Inheritance Tax Ruling a Blow for Holiday Home Owners

So where are Holiday Cottage owners left after last week’s successful appeal by HMRC in the Pawson case?

The late Mrs Pawson owned a 25% share of ‘Fairhaven’ a large bungalow on the Suffolk coast. Her daughters, who owned the remaining share of the property and who were the executors of her will made a claim for Business Property Relief (BPR) from Inheritance Tax following her death. HMRC refused the claim so Mrs Pawson’s executors took the case to the First Tier Tax Tribunal.

At this hearing, held in November 2011, executors of Mrs Pawson demonstrated services being provided with the holiday let. These included advertising for and securing tenants, cleaning between lets, provision of bed Iinen, provision of telephone and television along with maintaining the garden by employing a gardener. Services commonly provided by most holiday cottage owners.

At this hearing the tribunal found that the holiday letting could be taken to be a business and not simply the exploitation of an interest in property. To many observers this was a surprising decision given there was only one holiday unit and minimal services were provided.

Needless to say HMRC disagreed and sought leave to appeal on various grounds but were only allowed to appeal on a point of law, being;

‘It (the tribunal) formulated and applied the wrong test in assessing whether the Property was held wholly or mainly as an investment.’

HMRC appealed to the Upper Tier Tax Tribunal which last week announced its decision. This time the Tribunal came down firmly in agreement with HMRC and decided that the Property was in fact an ‘investment business’ therefore denying the availability of BPR and bringing the value of Fairhaven into the late Mrs Pawson’s estate.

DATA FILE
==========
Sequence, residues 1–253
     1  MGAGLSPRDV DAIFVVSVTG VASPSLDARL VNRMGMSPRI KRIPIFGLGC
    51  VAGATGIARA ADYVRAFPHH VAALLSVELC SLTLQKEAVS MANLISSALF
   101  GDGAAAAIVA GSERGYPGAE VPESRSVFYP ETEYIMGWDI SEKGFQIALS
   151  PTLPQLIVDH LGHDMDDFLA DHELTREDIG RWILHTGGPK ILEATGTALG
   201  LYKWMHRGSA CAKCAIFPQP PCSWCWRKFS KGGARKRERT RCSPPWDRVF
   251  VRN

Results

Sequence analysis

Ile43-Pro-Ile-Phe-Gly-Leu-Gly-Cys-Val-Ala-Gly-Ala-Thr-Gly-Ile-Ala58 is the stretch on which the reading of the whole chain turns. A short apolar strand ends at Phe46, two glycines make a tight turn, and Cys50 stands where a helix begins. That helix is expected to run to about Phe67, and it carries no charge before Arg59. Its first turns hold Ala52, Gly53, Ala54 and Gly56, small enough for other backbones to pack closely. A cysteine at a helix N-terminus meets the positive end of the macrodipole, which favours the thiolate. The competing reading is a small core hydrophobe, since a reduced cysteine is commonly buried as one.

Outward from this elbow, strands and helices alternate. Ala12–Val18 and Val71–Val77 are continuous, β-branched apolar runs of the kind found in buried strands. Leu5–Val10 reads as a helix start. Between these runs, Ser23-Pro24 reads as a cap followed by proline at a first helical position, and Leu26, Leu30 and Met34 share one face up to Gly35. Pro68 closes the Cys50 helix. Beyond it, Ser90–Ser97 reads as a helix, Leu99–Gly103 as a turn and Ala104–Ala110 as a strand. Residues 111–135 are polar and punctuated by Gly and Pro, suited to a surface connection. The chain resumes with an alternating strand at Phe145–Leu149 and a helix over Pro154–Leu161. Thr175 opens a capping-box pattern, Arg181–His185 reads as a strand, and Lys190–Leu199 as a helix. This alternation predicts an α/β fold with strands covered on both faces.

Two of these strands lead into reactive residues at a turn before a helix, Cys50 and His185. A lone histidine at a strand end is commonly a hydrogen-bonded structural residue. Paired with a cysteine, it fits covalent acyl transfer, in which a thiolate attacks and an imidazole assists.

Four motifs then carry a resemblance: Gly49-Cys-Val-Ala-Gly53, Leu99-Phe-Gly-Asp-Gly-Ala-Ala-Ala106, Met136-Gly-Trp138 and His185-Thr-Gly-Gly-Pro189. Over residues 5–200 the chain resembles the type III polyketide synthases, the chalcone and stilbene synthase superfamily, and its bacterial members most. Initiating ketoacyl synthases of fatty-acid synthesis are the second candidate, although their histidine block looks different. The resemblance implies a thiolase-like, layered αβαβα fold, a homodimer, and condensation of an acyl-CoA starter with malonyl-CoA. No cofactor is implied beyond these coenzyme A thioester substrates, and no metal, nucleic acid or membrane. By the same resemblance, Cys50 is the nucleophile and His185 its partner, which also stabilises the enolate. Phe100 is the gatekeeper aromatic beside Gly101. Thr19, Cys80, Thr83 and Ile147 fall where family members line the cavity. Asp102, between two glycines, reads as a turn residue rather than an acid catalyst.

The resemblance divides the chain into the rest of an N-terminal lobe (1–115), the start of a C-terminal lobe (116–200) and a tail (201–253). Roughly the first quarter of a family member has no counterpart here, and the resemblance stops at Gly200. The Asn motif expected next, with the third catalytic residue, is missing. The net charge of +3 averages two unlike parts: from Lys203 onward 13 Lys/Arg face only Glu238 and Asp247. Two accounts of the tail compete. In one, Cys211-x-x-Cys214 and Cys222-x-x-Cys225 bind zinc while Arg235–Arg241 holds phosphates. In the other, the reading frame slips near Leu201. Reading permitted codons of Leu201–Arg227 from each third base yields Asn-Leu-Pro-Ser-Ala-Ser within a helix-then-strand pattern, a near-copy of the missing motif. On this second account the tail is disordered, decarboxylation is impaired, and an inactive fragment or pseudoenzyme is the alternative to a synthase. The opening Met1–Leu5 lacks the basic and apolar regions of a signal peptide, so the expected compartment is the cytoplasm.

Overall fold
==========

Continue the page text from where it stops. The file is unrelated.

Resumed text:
Who will this affect?

Owners of single holiday cottages, and possibly owners of several separate units. Those that run sites with more than one property are less likely to be bound by this ruling but HMRC may seek to extend the restriction of BPR further.

What action should be taken?

The ruling only affects the Inheritance Tax status of Holiday Cottages. Capital Gains Tax reliefs are still protected, but owners of properties should consider the following;

  1. Review wills to ensure assets not attracting BPR are dealt with promptly.
  2. Consider switching borrowings to Holiday Properties.
  3. Review ownership to see whether BPR can be secured in other ways.
  4. Keep detailed records of the work involved with running the holiday cottage.

Some owners with other trading businesses may be able to secure Inheritance Tax relief by transferring ownership to their trading business, obviously there will be Capital Gains Tax and particularly VAT implications of this.

For further information contact your usual Dodd & Co contact, Judith Clark, or Rob Hitch on 01228 530913.

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